Medication discontinuation

Medication discontinuation is the ceasing of a medication treatment for a patient by either the clinician or the patient themself.[1][2] When initiated by the clinician, it is known as deprescribing.[3] Medication discontinuation is an important medical practice that may be motivated by a number of reasons:[4][3]

  • Reducing polypharmacy
  • Reducing health expenditure
  • Improving quality of life by ceasing medications with potential adverse effects or where the indication for a medical treatment may have changed
  • Reflect changes in evidence that support a treatment
  • Reflecting changes in treatment goals, such as a move to end-of-life care.[5]

Unlike the prescribing of medications, appropriate discontinuation has not attracted nearly as much attention or interest.[6]

Medications may be stopped in the context of end-of-life care, such as medications that may affect risk factors for future disease. Medications that may be stopped as part of discussions about end-of-life care include antihypertensives, medications for diabetes, and drugs for high cholesterol.[5]

Drug discontinuation may cause rebound effects (return of the symptoms the drug relieved, and that, to a degree stronger than they were before treatment first began) and withdrawal syndromes (symptoms caused by the discontinuation by the drug itself).

Drug discontinuation may be difficult to adjust to, owing to the long term use and the symbolism associated with ceasing medications, such as the decision to stop chemotherapy.[5]

Recent research (Nixon & Vendelø, 2016) shows that General Practitioners (GPs) who actively consider discontinuation, are reluctant to do so, as they experience that the safest decision is to continue prescriptions, rather than discontinue them. In part this is due to the ambiguity about the appropriateness of discontinuing medication. The clinical guidelines available to GPs do not encourage discontinuation of medication, and thus, they offer GPs a weak frame for discontinuation.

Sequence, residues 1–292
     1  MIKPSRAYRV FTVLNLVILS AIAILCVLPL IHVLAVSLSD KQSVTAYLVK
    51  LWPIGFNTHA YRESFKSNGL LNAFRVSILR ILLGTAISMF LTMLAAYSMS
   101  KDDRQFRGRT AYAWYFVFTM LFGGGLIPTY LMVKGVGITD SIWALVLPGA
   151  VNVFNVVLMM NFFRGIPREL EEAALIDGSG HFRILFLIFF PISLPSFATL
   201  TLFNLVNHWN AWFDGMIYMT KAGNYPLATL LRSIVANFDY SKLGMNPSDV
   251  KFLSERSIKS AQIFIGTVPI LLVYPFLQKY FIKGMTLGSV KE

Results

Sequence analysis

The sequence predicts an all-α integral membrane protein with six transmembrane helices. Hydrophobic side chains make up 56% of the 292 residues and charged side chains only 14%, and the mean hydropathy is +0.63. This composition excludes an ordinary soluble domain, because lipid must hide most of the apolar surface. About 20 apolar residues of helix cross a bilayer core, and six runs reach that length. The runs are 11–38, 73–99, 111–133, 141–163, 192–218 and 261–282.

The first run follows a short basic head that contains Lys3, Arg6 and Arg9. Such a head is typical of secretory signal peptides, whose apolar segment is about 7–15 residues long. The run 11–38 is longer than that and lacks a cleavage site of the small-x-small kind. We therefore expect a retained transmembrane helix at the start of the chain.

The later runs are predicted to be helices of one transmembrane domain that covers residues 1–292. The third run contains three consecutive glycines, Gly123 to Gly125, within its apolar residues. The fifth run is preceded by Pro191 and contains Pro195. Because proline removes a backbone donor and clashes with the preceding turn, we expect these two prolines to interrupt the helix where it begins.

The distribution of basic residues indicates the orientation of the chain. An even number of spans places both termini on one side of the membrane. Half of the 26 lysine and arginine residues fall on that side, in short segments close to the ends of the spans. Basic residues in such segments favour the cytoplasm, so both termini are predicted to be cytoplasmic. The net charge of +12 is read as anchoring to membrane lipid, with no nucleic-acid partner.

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  1. ^ Raebel, Marsha A.; Schmittdiel, Julie; Karter, Andrew J.; Konieczny, Jennifer L.; Steiner, John F. (Aug 2013). “Standardizing Terminology and Definitions of Medication Adherence and Persistence in Research employing Electronic Databases”. Medical Care. 51 (8 0 3): S11–S21. doi:10.1097/MLR.0b013e31829b1d2a. PMC 3727405. PMID 23774515.
  2. ^ Abdullah-Koolmees, Heshu; Gardarsdottir, Helga; Yazir, Dilek; Stoker, Lennart J.; Vuyk, Judith; Egberts, Toine C. G.; Heerdink, Eibert R. (9 July 2015). “Medication Discontinuation in Patients After Discharge From a Psychiatric Hospital”. Annals of Pharmacotherapy. 49 (10): 1085–1095. doi:10.1177/1060028015593763.
  3. ^ Jump up to: a b Linsky, Amy; Meterko, Mark; Stolzmann, Kelly; Simon, Steven R. (28 June 2017). “Supporting medication discontinuation: provider preferences for interventions to facilitate deprescribing”. BMC Health Services Research. 17 (1). doi:10.1186/s12913-017-2391-0.
  4. ^ Nixon, Michael; Kousgaard, Marius Brostrøm (7 July 2016). “Organising medication discontinuation: a qualitative study exploring the views of general practitioners toward discontinuing statins”. BMC Health Services Research. 16 (1). doi:10.1186/s12913-016-1495-2.
  5. ^ Jump up to: a b c Abel, Julian (July 2013). “Withdrawing life-extending drugs at the end of life”. Prescriber. 24 (13–16): 17–20. doi:10.1002/psb.1083.
  6. ^ Bain, Kevin T.; Holmes, Holly M.; Beers, Mark H.; Maio, Vittorio; Handler, Steven M.; Pauker, Stephen G. (October 2008). “Discontinuing Medications: A Novel Approach for Revising the Prescribing Stage of the Medication-Use Process”. Journal of the American Geriatrics Society. 56 (10): 1946–1952. doi:10.1111/j.1532-5415.2008.01916.x.


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